"I liked going to work, liked the soothing and satisfactory rhythm of getting out a magazine, liked the orderly progression of four-color closings and two-color closings and black-and-white closings and then The Product, no abstraction but something which looked effortlessly glossy and could be picked up on a newsstand and weighted in the hand...That pleased me obscurely, and so did walking uptown in the mauve eight o’clocks of early summer evenings and looking at things, Lowestoft tureens in Fifty-Seventh Street windows, people in evening clothes trying to get taxis, the trees just coming into full leaf, the lambent air, all the sweet promises of money and summer.
Some years passed, but I still did not lose that sense of wonder about New York."
-"Goodbye to All That," Joan Didion
Some mornings (as I leave my Lower East Side walk-up, ride the F train uptown, slide through the Condé Nast glass doors in my strappy heels and run around the office, glossy layouts in hand), I feel I’ve come a long way from the 4th grade girl who decided she was going to work in magazines one day—the nine-year-old who christened herself editor-in-chief of “The Williams Weekly,” producing poorly-designed pages of family news on an old PC computer. (The magazine did, for those curious, fold after roughly one year. My first lesson in magazines: running a title sans ads, while charging a mere 50 cents per issue, is quite a tricky endeavor. And so is running a magazine with a 4th grader as editor-in-chief).
And yet, even with the progress I may think I have made in my years since then, I am quite happy that—despite completing my fourth magazine internship this summer, despite approaching my fourth year living in New York—I still have not lost that sense of almost childish wonder about the City, that wonder about magazines, of journalism, of all that glossy physicality of which Didion so perfectly writes.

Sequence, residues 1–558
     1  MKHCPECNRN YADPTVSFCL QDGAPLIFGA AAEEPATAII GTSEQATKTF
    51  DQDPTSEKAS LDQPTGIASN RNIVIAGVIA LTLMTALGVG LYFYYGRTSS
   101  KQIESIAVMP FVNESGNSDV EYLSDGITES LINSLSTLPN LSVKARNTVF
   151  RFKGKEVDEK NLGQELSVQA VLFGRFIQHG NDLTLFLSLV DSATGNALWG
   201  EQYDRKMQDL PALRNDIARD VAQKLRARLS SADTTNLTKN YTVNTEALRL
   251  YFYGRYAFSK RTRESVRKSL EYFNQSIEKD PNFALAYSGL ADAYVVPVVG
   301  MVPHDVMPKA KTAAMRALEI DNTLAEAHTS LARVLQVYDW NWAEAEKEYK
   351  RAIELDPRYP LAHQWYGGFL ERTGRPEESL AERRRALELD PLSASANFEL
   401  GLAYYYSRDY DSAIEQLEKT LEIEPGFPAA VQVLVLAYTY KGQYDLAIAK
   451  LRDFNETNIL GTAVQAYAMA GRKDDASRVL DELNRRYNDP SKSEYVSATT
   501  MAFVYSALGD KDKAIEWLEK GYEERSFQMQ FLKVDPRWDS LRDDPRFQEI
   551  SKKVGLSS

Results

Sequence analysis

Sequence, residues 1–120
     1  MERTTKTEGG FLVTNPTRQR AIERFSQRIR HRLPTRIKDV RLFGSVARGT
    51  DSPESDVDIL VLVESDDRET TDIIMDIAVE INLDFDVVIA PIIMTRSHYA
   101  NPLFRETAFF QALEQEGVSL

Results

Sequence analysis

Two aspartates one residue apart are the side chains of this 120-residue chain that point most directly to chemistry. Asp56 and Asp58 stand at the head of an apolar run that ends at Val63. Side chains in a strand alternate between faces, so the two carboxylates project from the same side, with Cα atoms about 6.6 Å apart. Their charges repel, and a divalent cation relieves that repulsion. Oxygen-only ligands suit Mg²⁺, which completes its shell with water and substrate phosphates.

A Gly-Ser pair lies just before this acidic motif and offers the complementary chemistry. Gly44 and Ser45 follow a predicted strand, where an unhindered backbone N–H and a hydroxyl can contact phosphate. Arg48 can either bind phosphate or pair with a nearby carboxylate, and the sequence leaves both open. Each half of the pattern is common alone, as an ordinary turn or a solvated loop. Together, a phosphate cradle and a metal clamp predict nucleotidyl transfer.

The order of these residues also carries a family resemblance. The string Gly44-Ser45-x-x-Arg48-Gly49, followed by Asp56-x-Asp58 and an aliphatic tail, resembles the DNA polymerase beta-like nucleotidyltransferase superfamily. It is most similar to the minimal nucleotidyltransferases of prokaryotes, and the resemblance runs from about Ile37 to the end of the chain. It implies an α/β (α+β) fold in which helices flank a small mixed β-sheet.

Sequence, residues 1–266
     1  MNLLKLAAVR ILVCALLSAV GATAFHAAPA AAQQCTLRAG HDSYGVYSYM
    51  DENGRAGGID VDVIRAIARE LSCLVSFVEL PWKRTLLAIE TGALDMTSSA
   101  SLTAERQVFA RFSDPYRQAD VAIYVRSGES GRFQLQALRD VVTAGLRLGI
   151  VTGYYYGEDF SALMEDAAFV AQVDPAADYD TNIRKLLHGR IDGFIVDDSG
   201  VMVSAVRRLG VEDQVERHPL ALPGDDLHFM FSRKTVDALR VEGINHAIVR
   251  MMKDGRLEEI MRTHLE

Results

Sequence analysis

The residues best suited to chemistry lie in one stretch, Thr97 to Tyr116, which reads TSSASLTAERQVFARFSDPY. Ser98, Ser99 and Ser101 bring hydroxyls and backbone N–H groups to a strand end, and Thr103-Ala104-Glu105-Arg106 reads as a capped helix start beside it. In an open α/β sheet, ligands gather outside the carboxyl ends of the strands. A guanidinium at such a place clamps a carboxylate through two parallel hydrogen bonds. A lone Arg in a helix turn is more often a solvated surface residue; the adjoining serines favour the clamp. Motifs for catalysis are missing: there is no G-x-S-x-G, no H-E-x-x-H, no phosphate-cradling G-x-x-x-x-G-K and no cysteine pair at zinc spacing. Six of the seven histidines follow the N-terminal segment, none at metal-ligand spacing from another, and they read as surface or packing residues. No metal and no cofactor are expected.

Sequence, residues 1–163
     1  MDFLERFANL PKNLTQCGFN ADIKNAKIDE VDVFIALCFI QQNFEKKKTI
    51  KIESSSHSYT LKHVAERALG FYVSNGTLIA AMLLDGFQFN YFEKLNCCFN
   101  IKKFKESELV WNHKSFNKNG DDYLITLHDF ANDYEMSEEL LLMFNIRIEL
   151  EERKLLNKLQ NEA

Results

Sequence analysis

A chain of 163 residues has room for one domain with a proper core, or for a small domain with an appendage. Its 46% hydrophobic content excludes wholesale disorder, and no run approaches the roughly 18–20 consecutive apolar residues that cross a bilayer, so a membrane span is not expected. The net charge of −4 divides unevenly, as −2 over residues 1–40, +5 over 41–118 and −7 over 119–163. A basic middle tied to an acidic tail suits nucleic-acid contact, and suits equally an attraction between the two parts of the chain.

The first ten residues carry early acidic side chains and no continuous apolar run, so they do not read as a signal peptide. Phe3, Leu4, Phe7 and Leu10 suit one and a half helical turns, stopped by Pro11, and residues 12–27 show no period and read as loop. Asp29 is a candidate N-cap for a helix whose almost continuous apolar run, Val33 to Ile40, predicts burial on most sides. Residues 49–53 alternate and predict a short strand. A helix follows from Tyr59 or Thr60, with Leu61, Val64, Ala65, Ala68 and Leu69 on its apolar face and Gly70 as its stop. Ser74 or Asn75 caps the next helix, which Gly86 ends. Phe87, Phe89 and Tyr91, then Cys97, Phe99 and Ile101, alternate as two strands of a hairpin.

New York during the summer is an excitingly new city and quite different than the New York I have come to know during the school year; an ASME internship is unlike any other internship I have ever completed—lunches with fellow interns at The New Yorker (hearing the editorial director discuss the background story to a feature that had particularly struck me 6 months back), attending Brides editorial meetings where I quickly try to soak up the industry’s vernacular ("TK" and "gutter" and “in first”) and anecdote-filled speeches from editor-in-chiefs who had previously existed to me only as abstractions on a masthead.
There is, I have learned since being at Brides, a particular wedding tradition calling for the incorporation of four categories into the bridal outfit: something old, something new, something borrowed, something blue. (In truth, the original poem also calls for “a sixpence in her shoe,” but it seems most brides conveniently forget that slightly more uncomfortable requirement, and so I will take the liberty of ignoring it as well.)
I like to think that my internship at Brides incorporates those same symbolic elements—my old love of magazines and interning, my new experience of a New York summer, of being Brides’ first ASME intern, and of course, all the borrowed knowledge I’ve complied from my previous internships and time in New York, brought to my ASME internship this summer. [Alright, I’ll admit I’m coming up quite empty on that “something blue” category—I’ll just have to leave that one TK for now...]
In short, every single day as an ASME intern, I discover something new.
And that is, after all, the joy of magazines. But also, as I have learned, the joy of New York.
Editorial Intern | Brides
New York University